This is the fundamental problem with Health IT today: we as health IT programmers are constantly making very subtle ethical decisions, and we regularly flub them up. More importantly, we ignore our users when they urge us to fix ourselves…

Withings made an ethical mistake in having the default tweetable data weight instead of body fat. Their UX justifications would be valid if they had made the right ethical decision to start. If I could only get body fat percent… That would be a frustration, but I could deal… As it stands they are just wrong.

But I understand why. Imagine the meeting:

Developer: we should integrate with Twitter
Pointy haired boss: cool do it.
Developer: we do not have time to do a complex integration. We can use weight, body fat percent or BMI…
Pointy haired boss: no one understands body fat percentage or BMI. This is a weight scale. People understand that… Lets go with that….
Developer: but body fat percentage….
Pointy haired boss: would not be as popular. This is a marketing and time question. We only have time for one of the two and most people will want weight…

The pointy haired boss is right. The fact is that people do understand weight better. Withings has probably sold more scales by choosing just to only tweet weight. This is not just a principle vs. profit issue. Assuming scales make a difference for people, more scales equals more difference. Frankly I do not blame Withings for starting with this decision. They were wrong, but their heart was in the right place.

But the arrogant position on templating systems and the fact that the poll they setup on the issues did not even give an option to chose body fat percent as an option is pretty unacceptable.

The other problem that Alan pointed out is that to get at the Withings scale data, you currently had to integrate with the Withings server rather than with the scale itself. So you have a device that records data about you, and then to get at that data, you need the by-your-leave of the device manufacturer… Not OK.

This device should be a “home health appliance”, and it should integrate with the Withings server -as a convenience- not as a requirement. I should be able to point this system anywhere I like. I should be able to easily point the data that the device generates anywhere I want to.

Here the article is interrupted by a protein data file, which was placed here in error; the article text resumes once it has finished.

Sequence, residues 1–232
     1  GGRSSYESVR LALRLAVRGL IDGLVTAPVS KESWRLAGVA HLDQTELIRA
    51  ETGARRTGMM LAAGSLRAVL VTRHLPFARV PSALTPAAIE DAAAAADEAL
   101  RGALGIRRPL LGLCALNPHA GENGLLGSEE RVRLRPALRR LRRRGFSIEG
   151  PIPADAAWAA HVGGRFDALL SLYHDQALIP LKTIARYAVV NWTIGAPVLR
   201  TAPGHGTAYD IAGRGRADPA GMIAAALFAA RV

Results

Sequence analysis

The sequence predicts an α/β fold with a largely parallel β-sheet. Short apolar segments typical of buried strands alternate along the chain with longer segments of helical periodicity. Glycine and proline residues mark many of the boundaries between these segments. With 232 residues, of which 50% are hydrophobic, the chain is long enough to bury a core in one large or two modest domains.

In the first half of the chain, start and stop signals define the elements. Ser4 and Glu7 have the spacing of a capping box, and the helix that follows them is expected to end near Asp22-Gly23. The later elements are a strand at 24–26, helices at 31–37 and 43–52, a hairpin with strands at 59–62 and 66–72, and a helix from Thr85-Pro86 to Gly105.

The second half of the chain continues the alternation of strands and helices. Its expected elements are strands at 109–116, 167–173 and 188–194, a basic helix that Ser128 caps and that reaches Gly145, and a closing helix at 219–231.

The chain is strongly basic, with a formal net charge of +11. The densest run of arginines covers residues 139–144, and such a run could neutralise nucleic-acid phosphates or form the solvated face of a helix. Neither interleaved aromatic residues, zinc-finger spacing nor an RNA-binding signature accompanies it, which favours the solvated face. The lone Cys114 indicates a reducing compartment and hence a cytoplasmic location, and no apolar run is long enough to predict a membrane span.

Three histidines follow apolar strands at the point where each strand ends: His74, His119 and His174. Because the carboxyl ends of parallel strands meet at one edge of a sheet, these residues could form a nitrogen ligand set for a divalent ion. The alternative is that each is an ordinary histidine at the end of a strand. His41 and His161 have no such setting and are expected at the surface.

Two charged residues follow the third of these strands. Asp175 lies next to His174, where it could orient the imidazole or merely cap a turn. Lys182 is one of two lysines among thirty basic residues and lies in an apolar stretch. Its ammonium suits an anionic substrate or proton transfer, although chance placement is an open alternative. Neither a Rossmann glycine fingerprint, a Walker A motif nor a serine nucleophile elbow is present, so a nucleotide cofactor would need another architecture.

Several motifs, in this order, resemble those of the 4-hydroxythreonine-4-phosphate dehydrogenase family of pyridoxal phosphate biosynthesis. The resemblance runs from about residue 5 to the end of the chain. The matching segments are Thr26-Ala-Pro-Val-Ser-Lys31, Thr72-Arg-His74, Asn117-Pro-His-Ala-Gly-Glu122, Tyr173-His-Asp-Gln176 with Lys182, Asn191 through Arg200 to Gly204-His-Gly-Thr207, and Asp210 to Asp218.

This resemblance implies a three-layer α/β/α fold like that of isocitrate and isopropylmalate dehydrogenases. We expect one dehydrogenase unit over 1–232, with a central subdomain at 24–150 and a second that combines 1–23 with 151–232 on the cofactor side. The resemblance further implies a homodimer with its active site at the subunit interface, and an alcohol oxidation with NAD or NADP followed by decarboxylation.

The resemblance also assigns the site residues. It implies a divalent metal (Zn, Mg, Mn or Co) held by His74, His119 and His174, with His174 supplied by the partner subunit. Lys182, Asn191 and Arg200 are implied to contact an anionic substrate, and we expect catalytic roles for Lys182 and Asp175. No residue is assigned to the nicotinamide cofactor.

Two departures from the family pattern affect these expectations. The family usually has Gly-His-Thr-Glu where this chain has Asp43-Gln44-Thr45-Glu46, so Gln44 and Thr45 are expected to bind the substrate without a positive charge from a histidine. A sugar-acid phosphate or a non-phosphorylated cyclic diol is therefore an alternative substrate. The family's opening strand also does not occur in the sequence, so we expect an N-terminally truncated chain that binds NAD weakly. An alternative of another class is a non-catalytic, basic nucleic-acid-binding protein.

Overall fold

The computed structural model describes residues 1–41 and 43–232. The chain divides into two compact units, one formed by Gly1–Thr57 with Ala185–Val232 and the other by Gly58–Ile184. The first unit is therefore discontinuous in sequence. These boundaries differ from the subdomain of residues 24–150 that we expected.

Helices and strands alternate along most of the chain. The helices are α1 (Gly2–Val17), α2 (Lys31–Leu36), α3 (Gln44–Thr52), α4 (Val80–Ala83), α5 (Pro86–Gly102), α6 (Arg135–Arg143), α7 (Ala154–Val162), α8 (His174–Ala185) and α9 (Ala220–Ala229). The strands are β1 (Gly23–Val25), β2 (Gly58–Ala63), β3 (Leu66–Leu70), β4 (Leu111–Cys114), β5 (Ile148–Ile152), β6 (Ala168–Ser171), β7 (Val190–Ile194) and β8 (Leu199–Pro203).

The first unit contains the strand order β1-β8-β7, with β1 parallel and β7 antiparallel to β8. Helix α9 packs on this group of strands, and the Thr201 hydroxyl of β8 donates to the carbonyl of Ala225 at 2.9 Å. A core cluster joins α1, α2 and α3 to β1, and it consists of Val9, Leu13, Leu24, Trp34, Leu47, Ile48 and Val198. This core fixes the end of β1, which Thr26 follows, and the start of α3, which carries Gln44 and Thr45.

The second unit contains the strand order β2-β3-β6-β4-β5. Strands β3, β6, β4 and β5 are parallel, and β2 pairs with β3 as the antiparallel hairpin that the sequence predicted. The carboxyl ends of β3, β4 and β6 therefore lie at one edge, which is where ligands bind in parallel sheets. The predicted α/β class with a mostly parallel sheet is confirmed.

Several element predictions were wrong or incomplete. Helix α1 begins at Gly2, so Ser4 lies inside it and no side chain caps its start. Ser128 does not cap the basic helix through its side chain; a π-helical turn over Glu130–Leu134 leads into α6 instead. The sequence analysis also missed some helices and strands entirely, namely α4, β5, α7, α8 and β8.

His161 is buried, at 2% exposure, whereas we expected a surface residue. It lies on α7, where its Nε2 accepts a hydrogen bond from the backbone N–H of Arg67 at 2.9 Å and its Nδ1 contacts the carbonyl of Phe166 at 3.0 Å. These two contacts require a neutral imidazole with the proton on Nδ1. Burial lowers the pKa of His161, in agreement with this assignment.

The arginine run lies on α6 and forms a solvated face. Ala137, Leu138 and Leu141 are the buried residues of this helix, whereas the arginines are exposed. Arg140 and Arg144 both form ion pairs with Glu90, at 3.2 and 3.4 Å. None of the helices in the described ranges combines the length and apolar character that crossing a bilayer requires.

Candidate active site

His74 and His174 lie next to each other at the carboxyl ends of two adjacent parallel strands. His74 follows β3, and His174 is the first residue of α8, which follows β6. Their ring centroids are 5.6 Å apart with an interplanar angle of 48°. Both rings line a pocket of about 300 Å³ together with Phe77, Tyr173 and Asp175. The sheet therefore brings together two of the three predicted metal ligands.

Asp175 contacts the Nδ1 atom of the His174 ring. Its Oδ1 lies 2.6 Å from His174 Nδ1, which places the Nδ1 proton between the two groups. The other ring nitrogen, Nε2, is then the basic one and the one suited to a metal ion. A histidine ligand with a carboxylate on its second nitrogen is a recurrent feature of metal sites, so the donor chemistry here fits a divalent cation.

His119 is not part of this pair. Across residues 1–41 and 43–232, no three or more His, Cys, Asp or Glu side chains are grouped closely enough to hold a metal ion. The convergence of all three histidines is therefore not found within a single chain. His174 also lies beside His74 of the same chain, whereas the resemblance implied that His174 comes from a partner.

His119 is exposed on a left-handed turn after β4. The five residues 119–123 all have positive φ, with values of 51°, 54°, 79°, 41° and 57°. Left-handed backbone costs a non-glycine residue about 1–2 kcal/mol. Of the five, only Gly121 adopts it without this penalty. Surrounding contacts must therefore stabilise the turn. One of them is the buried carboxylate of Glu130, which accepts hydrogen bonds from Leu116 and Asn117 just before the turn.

Withings need to take the following steps, and soon.

Support templating as a fundamental method of data export.
Support sending that templated data to any Internet location via simple POST, without going through Withings servers
Support full XML and JSON data export with those posts
Make body fat percentage the default measure sent to Twitter and give users the option to change it back to weight

If you support this idea… Please leave me a comment here, and retweet this article, with the @withings tag. I am pretty sure withings watches twitter.

-ft

5 thoughts on “The ethics of weight and body fat on Twitter”

  1. Fred,

    You make some good points here and I agree. I find the comment response to be quite naive on their part. From a tech perspective, having negative values display as 0 for %wo% would be a trivial solution which the poster chose to ignore. More importantly, I don’t know any “non computer-skilled users” that are actively buying wireless scales that automatically post to their twitter accounts.

    Honestly, I interpret it as Withings refusing to acknowledge the problem.

  2. I agree with you about body fat being a better variable to track than weight. Even better than that…tracking waist circumference, diet, and exercise behavior…but that’s harder.

  3. Fred, Please go right ahead and use one of those web-enabled scales. And be assured that those of us working at your favorite health insurer will be diligently working to ensure your Twitter feed runs straight into our rating system. Good luck getting coverage.

  4. I’m looking at buying the withings scale and noticed on twitter nobody had set it up to tweet their body fat. Now I find out that it’s not even an option which is plain ridiculous. I run, cycle and swim and am not too concerned with my weight, it keeps itself in check and I have no particular goal in that regard however I do want to get my body fat % down this year. Withings reasoning is terrible, they could easily offer an ‘advanced’ mode for technically minded users and even keep it well hidden if they wanted to. It’s just laziness.